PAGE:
Sunday, May 24, 2009

WEEKEND BOX OFFICE: Stiller Takes Down the Terminator

Overcrowding at the box office is standard fare during the summer months. I always feel that the films could be better spread out but studios continue to insist upon pitting film against film instead of just picking perhaps more quiet weekends to let films find their own audiences. I just have to learn though that it isn’t about everyone having their own day; it’s about coming out strong and taking down the other guy while you’re at it.

Prognosticators were torn on how this weekend would play out. On the one hand, TERMINATOR SALVATION was tracking very well and seemed to be riding some pretty strong buzz. On the other hand, NIGHT AT THE MUSEUM: BATTLE AT THE SMITHSONIAN was coming a hugely successful following for the first film and a lack of family fare in the market place. Most had their money on NIGHT AT THE MUSEUM as family films tend to do big business on Memorial Day weekend. They would have won their bets but grossly overshot how much they would win by. Some predictions had the film coming in at $75 million but it only brought in $53 million in the end. While well below what they may have been hoping for, it is still much better than the first adventure’s opening weekend take of $30 million and that one went on to make over $250 million.

The buzz for TERMINATOR SALVATION seemed to dissipate pretty quickly as soon as the weekend hit. The McG directed film, the first in the series to come out since 2003, capitalized on the demand by coming on Thursday to the tune of $13 million, including midnight screenings. Poor reviews though, from both critics and fans, may have shortened the lines. Personally, I felt that the critics were being more harsh than needed but regardless, McG’s franchise reboot has a much more difficult road ahead of it as it goes into its next two expected installments. Meanwhile, the STAR TREK reboot continues to travel at warp speed. It has now brought in over $180 million in just three weeks and should have no problems crossing the $200 million mark by next weekend.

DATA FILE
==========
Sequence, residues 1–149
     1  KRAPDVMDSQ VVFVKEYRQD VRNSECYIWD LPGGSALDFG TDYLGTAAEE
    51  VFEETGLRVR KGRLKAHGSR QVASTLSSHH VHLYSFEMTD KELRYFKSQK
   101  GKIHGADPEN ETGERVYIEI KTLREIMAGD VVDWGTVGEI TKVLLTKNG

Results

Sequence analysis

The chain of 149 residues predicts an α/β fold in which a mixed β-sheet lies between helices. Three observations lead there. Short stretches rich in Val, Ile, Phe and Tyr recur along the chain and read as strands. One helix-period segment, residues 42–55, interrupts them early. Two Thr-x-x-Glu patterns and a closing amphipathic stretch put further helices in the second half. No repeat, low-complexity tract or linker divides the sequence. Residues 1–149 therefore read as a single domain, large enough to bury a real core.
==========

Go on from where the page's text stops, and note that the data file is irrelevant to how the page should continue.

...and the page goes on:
The Top 10 saw only one other debut and it did what was expected. DANCE FLICK did mediocre business and will likely end up making is reported $25 million budget back but not doing much else past that. And below the Top 10, THE BROTHERS BLOOM and SUMMER HOURS continued to add theatres and grosses. Each saw their returns increase over 300% and their averages in and around $7K per screen. Although there are no estimates reported for Steven Soderbergh’s sexy THE GIRLFRIEND EXPERIENCE, the week’s best art house debut goes to EASY VIRTUE (Black Sheep review to come this week). This British farce, with Jessica Biel making a play for more leading parts, pulled in a solid $11K average. Reviews are mixed though so Biel will need to try again. I would suggest she take off some clothes but she already has and that went straight to video.

NEXT WEEK: Pixar tries to make it 10 for 10 with their latest feature, UP! An animated feature about an old grump and a boy scout in a flying house seems like a hard sell to me but they made rats in the kitchen and a half silent film about a robot work so I don’t underestimate anything they put out. UP! will be released on 3700 screens. The only other wide release next weekend is looking for a decidedly different market. Sam Raimi’s financing horror flick, DRAG ME TO HELL, opens on 2400 screens. Outside of that, THE BROTHERS BLOOM goes wide and this year’s Oscar winner for Best Foreign Language Film, DEPARTURES, from Japan, will finally hit North American theatres.

Source: Box Office Mojo

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